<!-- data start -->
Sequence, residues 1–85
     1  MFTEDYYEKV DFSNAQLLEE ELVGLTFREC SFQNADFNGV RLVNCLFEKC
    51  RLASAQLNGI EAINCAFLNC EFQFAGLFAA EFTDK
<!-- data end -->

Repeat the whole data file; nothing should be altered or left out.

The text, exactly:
Sequence, residues 1–85
     1  MFTEDYYEKV DFSNAQLLEE ELVGLTFREC SFQNADFNGV RLVNCLFEKC
    51  RLASAQLNGI EAINCAFLNC EFQFAGLFAA EFTDK